Wálé Àyìnlá is a 20-year-old Nigerian writer and poet who writes from the ancient city of Abeokuta. His work appears or is forthcoming on The Rising Phoenix, Dwarts, Expound, Kalahari Review and elsewhere. Twitter handle: @Wale_Ayinla
What inspired the poem: Growing up, I was always craving to visit my grandfather because of his stories, but one time when I returned home, I heard that my father had beaten my mother.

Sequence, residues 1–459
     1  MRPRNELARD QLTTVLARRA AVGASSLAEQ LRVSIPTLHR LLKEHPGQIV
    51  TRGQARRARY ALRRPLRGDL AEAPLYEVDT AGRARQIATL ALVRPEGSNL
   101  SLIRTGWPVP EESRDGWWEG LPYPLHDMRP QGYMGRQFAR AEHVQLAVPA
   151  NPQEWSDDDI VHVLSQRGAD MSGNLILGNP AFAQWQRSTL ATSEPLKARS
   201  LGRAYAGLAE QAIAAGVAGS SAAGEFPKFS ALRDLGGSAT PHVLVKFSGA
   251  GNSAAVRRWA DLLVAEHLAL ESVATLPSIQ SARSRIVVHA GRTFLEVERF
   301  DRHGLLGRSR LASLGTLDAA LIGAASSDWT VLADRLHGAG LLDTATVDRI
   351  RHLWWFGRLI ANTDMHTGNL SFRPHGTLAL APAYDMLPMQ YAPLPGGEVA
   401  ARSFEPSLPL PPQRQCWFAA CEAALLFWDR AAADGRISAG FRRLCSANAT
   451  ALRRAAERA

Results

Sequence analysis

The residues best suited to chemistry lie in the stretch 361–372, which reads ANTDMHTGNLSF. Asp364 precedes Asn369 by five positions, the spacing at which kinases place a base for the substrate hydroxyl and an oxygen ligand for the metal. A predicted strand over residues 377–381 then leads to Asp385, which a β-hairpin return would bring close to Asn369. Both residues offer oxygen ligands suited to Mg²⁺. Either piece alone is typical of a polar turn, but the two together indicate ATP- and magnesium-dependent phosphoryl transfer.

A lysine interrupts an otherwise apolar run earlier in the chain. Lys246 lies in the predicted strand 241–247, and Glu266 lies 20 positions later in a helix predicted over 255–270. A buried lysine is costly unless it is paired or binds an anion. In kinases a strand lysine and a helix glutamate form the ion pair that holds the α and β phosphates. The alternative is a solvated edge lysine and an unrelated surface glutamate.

What it means to save yourself
We sit on the early carpet
of the night filling
our windowed eyes with grandpa’s tortoise stories,
sieving them into the basket of the lid
of the àtùpà. And like a drizzle
lost on its way to the sea, we hunch a balcony of snores.
Few miles away from depravity
and the city is
an oesophagus of hunger. The bats
gather in respiration. Fireflies
partake in the symposium
before the war stories mount a heap in our ears.
There are many sides to
a war. A boy
narrates his father into being.
Probably, that is the only memory
he retains. And like
ruins of war, he collects his grief in large numbers.